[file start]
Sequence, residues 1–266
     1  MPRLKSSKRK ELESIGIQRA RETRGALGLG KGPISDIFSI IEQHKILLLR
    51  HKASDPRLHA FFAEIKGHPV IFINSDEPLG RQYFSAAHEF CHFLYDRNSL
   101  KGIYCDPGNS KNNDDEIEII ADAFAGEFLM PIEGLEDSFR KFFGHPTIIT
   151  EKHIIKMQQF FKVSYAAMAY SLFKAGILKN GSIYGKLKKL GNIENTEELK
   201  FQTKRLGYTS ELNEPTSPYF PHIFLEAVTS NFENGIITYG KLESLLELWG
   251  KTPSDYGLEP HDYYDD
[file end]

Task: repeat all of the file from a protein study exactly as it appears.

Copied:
Sequence, residues 1–266
     1  MPRLKSSKRK ELESIGIQRA RETRGALGLG KGPISDIFSI IEQHKILLLR
    51  HKASDPRLHA FFAEIKGHPV IFINSDEPLG RQYFSAAHEF CHFLYDRNSL
   101  KGIYCDPGNS KNNDDEIEII ADAFAGEFLM PIEGLEDSFR KFFGHPTIIT
   151  EKHIIKMQQF FKVSYAAMAY SLFKAGILKN GSIYGKLKKL GNIENTEELK
   201  FQTKRLGYTS ELNEPTSPYF PHIFLEAVTS NFENGIITYG KLESLLELWG
   251  KTPSDYGLEP HDYYDD